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Chapter 15. Supported kdump configurations and targets

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The kdump mechanism is a feature of the Linux kernel that generates a crash dump file when a kernel crash occurs. The kernel dump file has critical information that helps to analyze and determine the root cause of a kernel crash. The crash can be because of various factors, hardware issues or third-party kernel modules problems, to name a few.

With the provided information and procedures, you understand the supported configurations and targets on your Red Hat Enterprise Linux 9 systems and properly configure kdump and validate it’s working.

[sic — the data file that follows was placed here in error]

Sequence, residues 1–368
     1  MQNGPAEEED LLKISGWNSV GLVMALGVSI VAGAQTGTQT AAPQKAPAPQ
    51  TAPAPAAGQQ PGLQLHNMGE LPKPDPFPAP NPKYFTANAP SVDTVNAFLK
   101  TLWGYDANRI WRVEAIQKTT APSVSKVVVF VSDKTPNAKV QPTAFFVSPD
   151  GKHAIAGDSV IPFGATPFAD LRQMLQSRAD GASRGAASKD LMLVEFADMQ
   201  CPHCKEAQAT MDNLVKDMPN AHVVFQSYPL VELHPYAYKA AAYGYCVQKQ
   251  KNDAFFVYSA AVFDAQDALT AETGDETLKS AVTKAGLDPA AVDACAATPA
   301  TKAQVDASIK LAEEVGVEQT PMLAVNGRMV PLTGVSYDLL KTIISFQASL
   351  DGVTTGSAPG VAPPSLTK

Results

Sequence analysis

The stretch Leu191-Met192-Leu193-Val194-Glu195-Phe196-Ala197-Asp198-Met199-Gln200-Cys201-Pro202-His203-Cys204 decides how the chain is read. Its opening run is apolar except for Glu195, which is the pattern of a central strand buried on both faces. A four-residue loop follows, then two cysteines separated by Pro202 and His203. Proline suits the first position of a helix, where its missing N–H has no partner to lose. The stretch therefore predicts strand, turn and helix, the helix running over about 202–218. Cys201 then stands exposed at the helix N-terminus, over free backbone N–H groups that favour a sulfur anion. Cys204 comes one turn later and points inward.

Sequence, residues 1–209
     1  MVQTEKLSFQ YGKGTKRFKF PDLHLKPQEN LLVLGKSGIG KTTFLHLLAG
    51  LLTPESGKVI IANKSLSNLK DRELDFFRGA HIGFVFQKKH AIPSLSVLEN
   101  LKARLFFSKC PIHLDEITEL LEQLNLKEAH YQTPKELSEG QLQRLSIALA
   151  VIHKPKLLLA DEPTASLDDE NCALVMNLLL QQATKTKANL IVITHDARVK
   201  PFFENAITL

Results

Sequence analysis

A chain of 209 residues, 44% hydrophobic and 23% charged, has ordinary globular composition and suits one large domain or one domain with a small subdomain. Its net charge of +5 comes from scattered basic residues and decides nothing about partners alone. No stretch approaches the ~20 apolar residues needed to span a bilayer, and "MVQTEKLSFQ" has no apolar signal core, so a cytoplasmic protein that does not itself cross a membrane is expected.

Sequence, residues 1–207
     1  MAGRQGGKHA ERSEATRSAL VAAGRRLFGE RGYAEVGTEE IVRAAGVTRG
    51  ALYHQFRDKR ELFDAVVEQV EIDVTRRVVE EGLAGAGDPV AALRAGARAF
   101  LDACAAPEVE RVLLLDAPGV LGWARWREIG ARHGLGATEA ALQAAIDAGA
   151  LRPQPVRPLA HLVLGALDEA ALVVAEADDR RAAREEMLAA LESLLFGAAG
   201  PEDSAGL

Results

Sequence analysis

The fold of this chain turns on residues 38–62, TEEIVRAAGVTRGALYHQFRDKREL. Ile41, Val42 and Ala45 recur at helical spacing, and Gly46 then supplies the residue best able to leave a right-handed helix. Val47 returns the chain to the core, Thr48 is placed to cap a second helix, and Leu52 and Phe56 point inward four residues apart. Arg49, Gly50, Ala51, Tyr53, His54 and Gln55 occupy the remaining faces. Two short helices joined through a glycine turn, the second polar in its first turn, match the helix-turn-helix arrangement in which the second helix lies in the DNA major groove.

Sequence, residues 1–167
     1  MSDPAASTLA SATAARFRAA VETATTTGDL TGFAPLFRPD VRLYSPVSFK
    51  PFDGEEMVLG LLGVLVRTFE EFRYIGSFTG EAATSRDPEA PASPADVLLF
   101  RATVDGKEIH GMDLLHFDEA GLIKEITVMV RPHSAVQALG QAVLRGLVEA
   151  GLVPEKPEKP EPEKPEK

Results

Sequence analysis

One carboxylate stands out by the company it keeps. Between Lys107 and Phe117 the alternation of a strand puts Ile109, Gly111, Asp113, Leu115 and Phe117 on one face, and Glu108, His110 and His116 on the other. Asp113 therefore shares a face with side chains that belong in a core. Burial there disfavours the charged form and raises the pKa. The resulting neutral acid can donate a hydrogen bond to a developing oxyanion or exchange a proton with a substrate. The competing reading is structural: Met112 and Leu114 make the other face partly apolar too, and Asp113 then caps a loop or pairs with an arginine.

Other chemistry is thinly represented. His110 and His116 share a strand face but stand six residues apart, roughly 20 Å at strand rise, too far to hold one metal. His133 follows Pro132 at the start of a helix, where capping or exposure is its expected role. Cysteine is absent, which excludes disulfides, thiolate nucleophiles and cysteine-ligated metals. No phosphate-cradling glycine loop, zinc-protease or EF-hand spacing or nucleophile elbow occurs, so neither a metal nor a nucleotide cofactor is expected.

15.1. Memory requirements for kdump

For kdump to capture a kernel crash dump and save it for further analysis, a part of the system memory should be permanently reserved for the capture kernel. When reserved, this part of the system memory is not available to the main kernel.

The memory requirements vary based on certain system parameters. One of the major factors is the system’s hardware architecture. To find out the exact machine architecture (such as Intel 64 and AMD64, also known as x86_64) and print it to standard output, use the following command:

$ uname -m

With the stated list of minimum memory requirements, you can set the appropriate memory size to automatically reserve a memory for kdump on the latest available versions. The memory size depends on the system’s architecture and total available physical memory.